TAMPA — It's preseason, and that's the only excuse you can make. Truth is, the Bucs offensive line already is the worst in the NFL at protecting the quarterback.
Not just any quarterback. We're talking about the No. 1 overall draft pick, Jameis Winston, who is one hit from turning this Bucs season from one of hope to nope.
Tampa Bay has allowed 13 sacks in three games, more than any team in the league. Winston has been flattened on seven occasions, making him the biggest pinata in pro football. No other passer has absorbed more sticks.
Winston might as well have been facing a firing squad instead of the Browns, it was that one-sided Saturday. He was sacked four times and pressured into throwing an interception in the 31-7 preseason loss.
"We had some bad plays last night, yes, along our offensive line," coach Lovie Smith said Sunday. "It's like that most games, though. You have some plays you'd like to have back. Good plays on their part. Looking at the overall picture, just like before when we played a lot better, you take everything in, which we will do. But that play last night, for the most part, was unacceptable for us, and we'll fix it."
Frankly, it's hard to know where to start.
Much of the focus will be on the rookies, both second-round draft picks — Donovan Smith at left tackle and Ali Marpet at right guard. Smith had one of his better games against the Browns but is a work in progress. Marpet, out of Division III Hobart (N.Y.) College, could've been wearing skates the way he was rolled backward by the Browns' Paul Kruger and Desmond Bryant. On one sack, he was pushed into Winston. On another, he was head-slapped and threw a matador block.
"Guys are going to have bad plays," Lovie Smith said. "We'll look at the overall picture for those guys. For rookie offensive linemen, we think we have two pretty good players. Are they Pro Bowl ready right now? No. But they're making progress."
Winston alluded to making some mistakes in calling the protections against the 3-4 scheme of the Browns. The Bucs' coach wasn't swallowing it.
"The problems I had were with when we knew who to block and we didn't," Lovie Smith said. "It always comes down to that. Defenses are going to have good plays at times. They may have you outnumbered. But you have a plan in place when that happens. … Part of that execution is to know who you're blocking."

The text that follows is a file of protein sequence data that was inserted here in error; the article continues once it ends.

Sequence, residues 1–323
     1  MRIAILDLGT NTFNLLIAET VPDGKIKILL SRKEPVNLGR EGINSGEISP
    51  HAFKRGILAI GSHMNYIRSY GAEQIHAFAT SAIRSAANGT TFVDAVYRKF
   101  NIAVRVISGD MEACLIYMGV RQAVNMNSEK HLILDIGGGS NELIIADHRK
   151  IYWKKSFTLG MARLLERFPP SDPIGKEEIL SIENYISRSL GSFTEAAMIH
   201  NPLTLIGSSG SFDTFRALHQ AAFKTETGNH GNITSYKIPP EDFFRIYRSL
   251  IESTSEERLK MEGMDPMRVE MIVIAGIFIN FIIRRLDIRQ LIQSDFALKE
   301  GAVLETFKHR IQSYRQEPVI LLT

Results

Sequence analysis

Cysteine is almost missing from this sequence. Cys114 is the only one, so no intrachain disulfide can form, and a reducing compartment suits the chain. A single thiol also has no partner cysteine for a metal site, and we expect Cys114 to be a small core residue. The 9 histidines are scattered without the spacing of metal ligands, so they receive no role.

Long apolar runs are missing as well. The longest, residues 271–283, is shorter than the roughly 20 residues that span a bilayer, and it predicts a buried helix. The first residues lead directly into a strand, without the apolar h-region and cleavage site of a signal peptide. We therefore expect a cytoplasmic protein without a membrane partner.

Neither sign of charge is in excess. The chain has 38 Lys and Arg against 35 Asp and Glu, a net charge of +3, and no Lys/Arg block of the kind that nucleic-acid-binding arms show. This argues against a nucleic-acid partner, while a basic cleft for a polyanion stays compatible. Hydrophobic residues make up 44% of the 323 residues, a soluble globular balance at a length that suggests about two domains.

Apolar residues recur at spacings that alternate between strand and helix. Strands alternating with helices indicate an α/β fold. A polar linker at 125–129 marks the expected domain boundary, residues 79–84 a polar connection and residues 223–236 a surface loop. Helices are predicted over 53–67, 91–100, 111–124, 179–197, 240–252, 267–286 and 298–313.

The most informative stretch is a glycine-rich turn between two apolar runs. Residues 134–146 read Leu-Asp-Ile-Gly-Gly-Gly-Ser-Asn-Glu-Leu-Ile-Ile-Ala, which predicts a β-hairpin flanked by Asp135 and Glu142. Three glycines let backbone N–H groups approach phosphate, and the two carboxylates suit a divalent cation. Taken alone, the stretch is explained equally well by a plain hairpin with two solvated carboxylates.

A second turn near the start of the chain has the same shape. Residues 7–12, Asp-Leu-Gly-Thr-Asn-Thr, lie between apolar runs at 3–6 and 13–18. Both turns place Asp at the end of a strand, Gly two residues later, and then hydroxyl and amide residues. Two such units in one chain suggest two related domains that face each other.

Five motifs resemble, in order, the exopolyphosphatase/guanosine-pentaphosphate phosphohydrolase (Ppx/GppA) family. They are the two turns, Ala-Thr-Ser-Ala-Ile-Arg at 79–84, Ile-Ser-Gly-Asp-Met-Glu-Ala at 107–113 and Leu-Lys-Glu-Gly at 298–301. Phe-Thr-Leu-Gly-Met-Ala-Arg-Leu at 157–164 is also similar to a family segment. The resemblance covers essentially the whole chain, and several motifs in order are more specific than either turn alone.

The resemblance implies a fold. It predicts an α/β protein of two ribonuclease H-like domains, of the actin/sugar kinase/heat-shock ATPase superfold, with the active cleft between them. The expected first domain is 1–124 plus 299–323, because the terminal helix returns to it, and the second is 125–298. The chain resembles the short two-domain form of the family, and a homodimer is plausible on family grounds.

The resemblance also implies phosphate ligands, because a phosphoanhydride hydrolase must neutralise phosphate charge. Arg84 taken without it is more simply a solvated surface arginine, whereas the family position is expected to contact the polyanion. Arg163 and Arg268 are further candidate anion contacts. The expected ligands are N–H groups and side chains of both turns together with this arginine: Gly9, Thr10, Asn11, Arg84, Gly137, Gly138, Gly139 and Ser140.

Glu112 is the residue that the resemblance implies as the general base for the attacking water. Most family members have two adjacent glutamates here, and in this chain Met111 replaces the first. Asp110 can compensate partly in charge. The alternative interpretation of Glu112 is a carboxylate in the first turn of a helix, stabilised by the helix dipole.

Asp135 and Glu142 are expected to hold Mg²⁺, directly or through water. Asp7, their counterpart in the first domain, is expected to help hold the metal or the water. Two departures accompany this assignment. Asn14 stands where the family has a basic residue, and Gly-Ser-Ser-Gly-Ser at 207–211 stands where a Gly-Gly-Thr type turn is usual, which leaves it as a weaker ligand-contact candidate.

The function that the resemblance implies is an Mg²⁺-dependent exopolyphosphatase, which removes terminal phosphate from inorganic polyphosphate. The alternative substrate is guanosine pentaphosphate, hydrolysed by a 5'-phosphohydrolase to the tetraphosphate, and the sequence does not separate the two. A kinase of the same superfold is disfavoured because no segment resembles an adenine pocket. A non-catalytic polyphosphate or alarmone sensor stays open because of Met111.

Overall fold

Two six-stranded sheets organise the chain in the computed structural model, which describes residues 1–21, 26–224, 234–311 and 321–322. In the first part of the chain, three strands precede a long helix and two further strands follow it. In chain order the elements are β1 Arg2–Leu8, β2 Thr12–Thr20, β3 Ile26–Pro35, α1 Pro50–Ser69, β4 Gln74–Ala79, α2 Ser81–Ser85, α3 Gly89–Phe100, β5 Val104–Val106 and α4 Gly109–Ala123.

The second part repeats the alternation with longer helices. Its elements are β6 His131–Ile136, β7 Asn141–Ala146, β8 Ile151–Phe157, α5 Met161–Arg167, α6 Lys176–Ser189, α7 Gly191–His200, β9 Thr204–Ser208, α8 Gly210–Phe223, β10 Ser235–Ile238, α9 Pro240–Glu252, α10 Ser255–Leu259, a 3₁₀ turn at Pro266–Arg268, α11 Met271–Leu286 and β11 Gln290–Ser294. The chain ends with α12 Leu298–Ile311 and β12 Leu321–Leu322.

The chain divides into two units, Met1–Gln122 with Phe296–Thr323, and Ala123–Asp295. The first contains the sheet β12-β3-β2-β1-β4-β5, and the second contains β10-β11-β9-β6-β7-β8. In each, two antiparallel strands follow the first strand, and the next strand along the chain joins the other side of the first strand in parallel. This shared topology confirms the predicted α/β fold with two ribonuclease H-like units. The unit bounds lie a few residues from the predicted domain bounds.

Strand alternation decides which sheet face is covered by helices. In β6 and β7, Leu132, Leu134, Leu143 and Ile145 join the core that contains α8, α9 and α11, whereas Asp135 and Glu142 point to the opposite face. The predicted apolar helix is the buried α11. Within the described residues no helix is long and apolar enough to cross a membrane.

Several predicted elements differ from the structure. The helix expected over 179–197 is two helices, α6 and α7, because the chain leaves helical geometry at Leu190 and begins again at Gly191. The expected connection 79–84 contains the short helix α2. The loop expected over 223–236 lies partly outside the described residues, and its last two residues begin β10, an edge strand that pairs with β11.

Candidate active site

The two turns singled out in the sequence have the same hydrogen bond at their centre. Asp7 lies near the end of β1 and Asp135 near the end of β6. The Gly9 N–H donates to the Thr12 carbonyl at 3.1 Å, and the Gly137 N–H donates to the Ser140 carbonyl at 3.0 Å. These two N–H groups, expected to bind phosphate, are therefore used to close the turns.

Of course, bad offensive line play in Tampa Bay is as predictable as afternoon thunderstorms. This is a franchise that refused to address the position in the draft for years. From 2009-13, the Bucs used one of their 36 picks on an offensive lineman — 2009 fifth round, tackle Xavier Fulton, who tore his ACL during that preseason and never played a game for Tampa Bay.
Stay updated on Tampa Bay’s sports scene
Subscribe to our free Sports Today newsletter
You’re all signed up!
Want more of our free, weekly newsletters in your inbox? Let’s get started.Explore all your options
After taking over a couple of years ago, general manager Jason Licht cleaned house. He released guard Davin Joseph, who played last season for the Rams but is out of football. Also sent packing was left tackle Donald Penn, a starter for the Raiders. Replacing him with Bengals free agent Anthony Collins was a mistake. Collins, who signed a five-year, $30 million deal, was big hat, no cattle. He was benched the final four games last season and released. He might not be out of money, but he's out of the NFL. Center Jeremy Zuttah was traded to the Ravens for a fifth-round pick.
As Licht knows, good offensive lines are built through the draft. Smith and Marpet are going to struggle. But veteran Logan Mankins, who used to be as reliable as sunup when he played for the Patriots, is in the late December of his career and barely hanging on. Center Evan Smith hasn't yet collected many votes for the Pro Bowl. Right tackle Demar Dotson will miss another month with a knee sprain. Veteran Gosder Cherilus is a good find as his replacement, but he still is learning his way to the cafeteria.
"It just wasn't good enough," Mankins said Saturday. "Very disappointing, after last week. I thought we took a step forward, today we took one back."
Considering Winston has played the equivalent of 11/2 games in the preseason, his seven sacks would calculate to 74.6 over a full season. That's less than two sacks shy of the NFL record of 76 held by the Texans in David Carr's rookie season in 2002.
Like Winston, Carr was the No. 1 overall pick in the draft. That kind of beating ruined him. The Bucs need to hope Winston won't suffer the same fate.